Donald Guy, assistant professor, Department of Theatre, College of Performing Arts, was featured in the August/September 2013 issue of Vanish International Magic Magazine. The nine-page article, titled “Bringing Magic to Light,” is an in-depth interview on his career as a professional lighting designer. In addition Guy recently served as the lighting designer/lighting director for Carnival of Wonders at Agua Caliente Resort Casino Spa in Palm Springs. The production featured award-winning magicians: Mark Kalin, Jinger Leigh, and Jeff Hobson.

John Gunderson, Ph.D., adjunct faculty member in the College of Educational Studies and currently teaching at Dana Hills High School, is one of 22 teachers from across the nation highlighted in the new book Finding Joy in Teaching Students of Diverse Backgrounds: Culturally Responsive and Socially Just Practices in U.S. Classrooms, by Sonia Nieto, Ph.D., which will be released on Sept. 25, 2013.  The book explores what it means for teachers who work with students in these difficult times of increasing deprofessionalization of teachers and marginalization of students. Dr. Nieto was the CES keynote speaker in 2011 and supported CES’s CLAGS efforts last year.  Dr. Gunderson continues his own scholarly output with his recent article in the International Journal of Humanities and Social Sciences titled “A Difficulty in the Concept of Educational Sustainability.”

Vera Ivanova, Ph.D., assistant professor, Conservatory of Music at College of Performing Arts, has won the 2013 Earplay Donald Aird Composers Competition with her composition for piano, “Three Studies in Uneven Meters.” The prize comes with a monetary award and a performance of the winning composition at the closing concert of the Earplay ensemble’s 2013-2014 season on May 19, 2014 at the ODC Theater in San Francisco. “Three Studies,” recorded with the pianist Mikhail Korzhev, for release on Navona Records’ enhanced CD “Allusions.” The work will also be performed at the 35th International Moscow Autumn Festival on Nov. 27 in Moscow, Russia. Last year “Three Studies” was performed at the 16th Biennial Festival of New Music at Florida State University and at the last two concerts of the Locrian Chambers Players ensemble’s 2012-13 season in New York and Brooklyn.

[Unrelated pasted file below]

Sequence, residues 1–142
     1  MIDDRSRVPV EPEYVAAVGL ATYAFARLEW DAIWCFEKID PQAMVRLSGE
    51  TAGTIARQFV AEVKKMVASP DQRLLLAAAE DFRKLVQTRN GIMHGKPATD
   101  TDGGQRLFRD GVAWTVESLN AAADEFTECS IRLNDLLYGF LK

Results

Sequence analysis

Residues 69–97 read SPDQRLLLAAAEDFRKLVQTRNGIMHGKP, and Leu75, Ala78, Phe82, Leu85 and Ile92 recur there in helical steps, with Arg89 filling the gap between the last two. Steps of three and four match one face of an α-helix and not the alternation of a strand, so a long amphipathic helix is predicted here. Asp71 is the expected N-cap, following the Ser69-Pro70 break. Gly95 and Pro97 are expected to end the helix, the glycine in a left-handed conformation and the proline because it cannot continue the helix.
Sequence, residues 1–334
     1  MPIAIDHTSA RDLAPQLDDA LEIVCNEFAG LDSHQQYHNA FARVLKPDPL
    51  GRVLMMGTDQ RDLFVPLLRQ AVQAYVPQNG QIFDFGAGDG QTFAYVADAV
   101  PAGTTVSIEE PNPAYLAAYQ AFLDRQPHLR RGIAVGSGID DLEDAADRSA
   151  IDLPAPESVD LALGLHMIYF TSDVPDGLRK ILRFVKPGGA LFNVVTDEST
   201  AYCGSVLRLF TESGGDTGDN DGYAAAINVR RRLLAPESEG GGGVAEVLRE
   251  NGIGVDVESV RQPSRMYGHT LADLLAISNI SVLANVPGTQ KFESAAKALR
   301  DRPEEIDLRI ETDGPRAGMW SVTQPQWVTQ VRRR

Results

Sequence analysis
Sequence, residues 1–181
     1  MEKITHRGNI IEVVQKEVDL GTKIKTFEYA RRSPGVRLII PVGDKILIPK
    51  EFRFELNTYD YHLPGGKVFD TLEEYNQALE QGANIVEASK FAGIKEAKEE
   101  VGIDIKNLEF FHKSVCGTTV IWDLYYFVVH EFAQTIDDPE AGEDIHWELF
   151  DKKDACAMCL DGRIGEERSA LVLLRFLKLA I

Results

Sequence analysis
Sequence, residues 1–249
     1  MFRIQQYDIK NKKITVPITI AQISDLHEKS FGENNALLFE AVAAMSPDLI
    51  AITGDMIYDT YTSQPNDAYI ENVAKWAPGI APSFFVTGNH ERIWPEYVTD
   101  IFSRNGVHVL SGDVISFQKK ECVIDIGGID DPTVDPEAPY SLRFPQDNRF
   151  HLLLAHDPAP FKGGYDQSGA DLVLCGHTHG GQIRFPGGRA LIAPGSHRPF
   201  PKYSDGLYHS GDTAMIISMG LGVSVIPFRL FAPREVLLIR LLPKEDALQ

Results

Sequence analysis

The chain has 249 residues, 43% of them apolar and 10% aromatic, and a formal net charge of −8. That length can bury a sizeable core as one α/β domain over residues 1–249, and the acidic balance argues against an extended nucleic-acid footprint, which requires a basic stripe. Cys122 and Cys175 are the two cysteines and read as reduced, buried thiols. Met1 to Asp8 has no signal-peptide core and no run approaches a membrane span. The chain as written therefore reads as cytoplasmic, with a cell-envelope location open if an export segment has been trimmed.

Wenshan Jia, Ph.D., professor, Department of Communication Studies, Wilkinson College of Humanities and Social Sciences,  shares the “The William B. Gudykunst Outstanding Book Award” from the International Academy for Intercultural Research given to Jia as a contributing author with the chapter “Ethnic conflicts in China” in D. Landis & R. A. Roberts  (Eds.) Handbook of Ethnic Conflict:  International Perspectives (pp. 177-198), an International  Academy for Intercultural Research book published by Springer, 2012.  The article has also been selected as a “Break Journal Article” in psychology research by Psychology Progress (www.Psychologyprogress.com) May 15, 2013.

Jia’s review of David Shambaugh’s, China Goes Global: The Partial Power (Oxford, UK:  Oxford University Press, 2013) appeared in the Journal of Chinese political Science.

In addition, Jia recently wrote an op-ed article for the Orange County Register, available at http://www.ocregister.com/articles/china-508685-communication-chinese.html.

This summer he also delivered a talk titled “Global Justice Communication as a Growing Force of New Media-Driven Globalization and Denationalization” at the New Media and Communication of Justice in the Global Information Society, Second International Scholarly Camp for Graduate Students and Junior Scholars of Communication and Media sponsored by the Fudan-Institute for Advanced Studies in Social Sciences, Fudan International Center for Research and Department of Sociology, Loughborough University, UK, Fudan University, Shanghai, China. http://www.ias.fudan.edu.cn/News/Detail.aspx?ID=4659

Vernon L. Smith, Ph.D., professor, Economic Science Institute, Argyros School of Business and Economics, gave a lecture Oct. 2 at Texas A&M University’s Hagler Auditorium in College Station, Texas, on “Adam Smith’s Humanomics: From Propriety and Sentiments to Property and Wealth.” Smith’s  lecture revealed how the insights of famed 18th-century economist Adam Smith remain fresh and relevant in the 21st century.

 

Dawn Bonker

Dawn Bonker